Canned soups are one of the most convenient meals, and many of them are low in calories, too. But canned soups have a couple big drawbacks: They’re sky-high in sodium, and the veggies and other ingredients are heavily processed and contain very little of the beneficial nutrients of fresh foods. (Here are tips for finding healthier store-bought soups.)

Homemade soup can help overcome some of these drawbacks—but many soup recipes require a long list of ingredients. Luckily, you can take a minimalist approach to homemade soup and still end up with the cozy, flavorful lunch you’ve been craving.

Word of caution: Soup is one of the “salty six,” according to the American Heart Association—meaning soup is one of the top six sources of sodium in the average American’s diet. To keep your soups lower in sodium and healthy for your heart, keep these tips in mind:

  • Use low-sodium broth, or make your own broth without adding salt.

  • Avoid adding high-sodium processed ingredients, like condensed cream of chicken, “cheese products” like Velveeta, or processed meats like sausage and bacon.

  • If using canned beans, look for reduced sodium or “no salt added” beans.

  • Stick to whole, unprocessed foods (vegetables, rice, quinoa, lentils, etc.) as much as possible.

Ready to get your soup on? Check out these flavorful and healthy five-ingredient soups:

1. Roasted broccoli soup: Broccoli + onion + garlic + broth.

Instead of broccoli cheddar soup (which is higher in saturated fat and sodium due to the cheddar), try roasted broccoli soup. Roasting the broccoli creates more pleasant and intense flavor, which means you’ll need fewer ingredients to make this soup sing. Find out how to make roasted broccoli soup from The Mostly Vegan.

2. Lentil rosemary soup: Brown lentils + onion + rosemary + water or broth.

The combination of rosemary and onion gives this lentil soup variation all the flavor it needs. Thanks to the lentils, it’s packed with protein. Check out the recipe for lentil rosemary soup by Power Hungry.

3. Carrot ginger soup: Carrots + onion + ginger + broth + milk.

Other recipes for this pureed classic often call for 10 or more ingredients, but you can do it with just five (plus salt and pepper). Like with the broccoli soup, roast the carrots ahead of time to give the soup more flavor with fewer ingredients. You can also make it dairy-free by using coconut or almond milk. Find out how to make carrot ginger soup by Kitchen Treaty.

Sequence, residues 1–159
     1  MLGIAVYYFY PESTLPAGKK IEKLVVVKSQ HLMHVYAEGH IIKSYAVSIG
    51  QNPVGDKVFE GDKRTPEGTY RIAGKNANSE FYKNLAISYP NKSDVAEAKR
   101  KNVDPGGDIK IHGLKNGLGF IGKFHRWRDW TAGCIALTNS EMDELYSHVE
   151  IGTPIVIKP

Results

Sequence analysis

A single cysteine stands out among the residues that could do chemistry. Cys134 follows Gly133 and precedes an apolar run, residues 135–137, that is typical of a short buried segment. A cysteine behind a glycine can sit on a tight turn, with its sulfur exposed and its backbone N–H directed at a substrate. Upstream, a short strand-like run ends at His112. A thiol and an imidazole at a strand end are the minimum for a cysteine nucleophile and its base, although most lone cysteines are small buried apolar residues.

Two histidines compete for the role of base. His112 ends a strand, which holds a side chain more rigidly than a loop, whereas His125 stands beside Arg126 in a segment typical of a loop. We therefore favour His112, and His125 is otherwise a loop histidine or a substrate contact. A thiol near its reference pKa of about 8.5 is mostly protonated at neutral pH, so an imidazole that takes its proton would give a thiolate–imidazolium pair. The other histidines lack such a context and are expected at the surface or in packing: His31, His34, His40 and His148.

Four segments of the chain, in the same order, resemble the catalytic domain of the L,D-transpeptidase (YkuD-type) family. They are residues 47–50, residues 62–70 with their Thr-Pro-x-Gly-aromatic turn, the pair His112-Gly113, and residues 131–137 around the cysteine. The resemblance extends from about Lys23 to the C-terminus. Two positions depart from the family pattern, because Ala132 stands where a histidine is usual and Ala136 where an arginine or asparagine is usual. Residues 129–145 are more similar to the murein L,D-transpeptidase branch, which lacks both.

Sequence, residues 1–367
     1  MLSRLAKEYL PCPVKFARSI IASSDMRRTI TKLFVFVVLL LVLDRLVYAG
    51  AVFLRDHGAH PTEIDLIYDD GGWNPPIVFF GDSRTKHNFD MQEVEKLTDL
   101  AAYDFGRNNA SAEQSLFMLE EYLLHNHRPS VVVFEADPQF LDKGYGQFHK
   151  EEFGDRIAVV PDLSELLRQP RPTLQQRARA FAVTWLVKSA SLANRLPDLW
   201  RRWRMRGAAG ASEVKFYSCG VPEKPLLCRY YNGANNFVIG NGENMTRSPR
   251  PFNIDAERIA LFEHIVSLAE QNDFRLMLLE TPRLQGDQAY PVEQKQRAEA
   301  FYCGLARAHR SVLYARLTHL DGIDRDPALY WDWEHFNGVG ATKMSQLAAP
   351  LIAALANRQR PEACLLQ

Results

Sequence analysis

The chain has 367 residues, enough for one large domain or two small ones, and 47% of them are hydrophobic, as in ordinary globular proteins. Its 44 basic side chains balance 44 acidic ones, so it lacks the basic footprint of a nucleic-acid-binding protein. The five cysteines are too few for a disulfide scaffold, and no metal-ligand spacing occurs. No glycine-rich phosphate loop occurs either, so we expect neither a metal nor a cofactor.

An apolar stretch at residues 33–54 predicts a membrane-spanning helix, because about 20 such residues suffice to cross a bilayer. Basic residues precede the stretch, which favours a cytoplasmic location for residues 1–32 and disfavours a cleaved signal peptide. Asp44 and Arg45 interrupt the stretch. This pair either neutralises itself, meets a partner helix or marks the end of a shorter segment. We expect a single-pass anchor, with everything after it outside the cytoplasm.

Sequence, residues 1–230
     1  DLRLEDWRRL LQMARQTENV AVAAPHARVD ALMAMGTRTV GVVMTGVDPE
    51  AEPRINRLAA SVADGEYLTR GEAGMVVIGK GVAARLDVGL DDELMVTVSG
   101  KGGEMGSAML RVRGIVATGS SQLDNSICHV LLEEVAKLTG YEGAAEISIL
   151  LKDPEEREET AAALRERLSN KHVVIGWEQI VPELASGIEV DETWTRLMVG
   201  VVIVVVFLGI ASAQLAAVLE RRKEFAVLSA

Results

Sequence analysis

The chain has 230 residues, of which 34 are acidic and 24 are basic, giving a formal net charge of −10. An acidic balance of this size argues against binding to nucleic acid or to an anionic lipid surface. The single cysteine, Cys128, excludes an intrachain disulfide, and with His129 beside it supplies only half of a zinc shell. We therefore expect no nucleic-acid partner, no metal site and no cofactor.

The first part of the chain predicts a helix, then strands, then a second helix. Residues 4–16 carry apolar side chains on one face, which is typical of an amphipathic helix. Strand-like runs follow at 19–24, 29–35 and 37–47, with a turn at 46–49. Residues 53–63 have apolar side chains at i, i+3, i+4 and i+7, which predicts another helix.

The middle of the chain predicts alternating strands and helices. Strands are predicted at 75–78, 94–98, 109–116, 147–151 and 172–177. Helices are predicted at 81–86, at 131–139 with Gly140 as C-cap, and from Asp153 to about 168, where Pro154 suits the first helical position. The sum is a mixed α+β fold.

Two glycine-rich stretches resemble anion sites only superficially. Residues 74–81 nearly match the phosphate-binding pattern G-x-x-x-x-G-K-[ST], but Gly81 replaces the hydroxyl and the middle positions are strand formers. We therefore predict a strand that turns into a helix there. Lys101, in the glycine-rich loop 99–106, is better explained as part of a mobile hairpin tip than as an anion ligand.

4. Miso soup: Miso paste + water + nori + green onion + tofu.

Here’s a secret: miso soup is already pretty minimalist. Some recipes do call for additional items, like dried bonito flakes and chard, but you can make it with just these five essential ingredients. Check out how to make miso soup by The Spruce Eats.

5. Roasted red bell pepper soup: Red bell peppers + tomatoes + basil + olive oil.

Typical tomato soup often needs a good amount of sugar and cream to tame the acidity of the tomatoes, but adding roasted bell peppers also does the trick (for fewer ingredients *and* fewer grams of fat). Find out how to make roasted red bell pepper soup from Vanilla and Bean.

6. Rosemary cauliflower soup: Onion + garlic + cauliflower + rosemary + broth.

Rosemary makes another appearance, and it’s not a coincidence: When it comes to making five-ingredient soups, it helps to use potent flavors like fresh rosemary and other herbs. This creamy cauliflower soup is also a low-carb alternative to potato soup. Check out the recipe for rosemary cauliflower soup by One Green Planet.

7. Chicken tortilla soup: Chicken breast + broth + canned black beans + frozen corn + salsa.

Chicken tortilla soup in five ingredients?! Thanks to a few smart purchases, it’s possible. Just make sure to use low-sodium broth, reduced sodium beans, and no-salt-added salsa. Find out how to make this easy chicken tortilla soup from Melanie Cooks.

8. Butternut squash soup: Butternut squash, ginger, coconut milk.

Three ingredients? Yup. These three simple ingredients are a powerhouse of flavors on their own, so it doesn’t take anything else to make an impressive soup. If saturated fat is a concern for you, look for reduced-fat coconut milk, or just switch to almond milk and ditch the coconut altogether. Check out this recipe for butternut squash soup by Omnivore’s Cookbook.

If you can handle a little more than five ingredients, check out these other homemade soup recipes:


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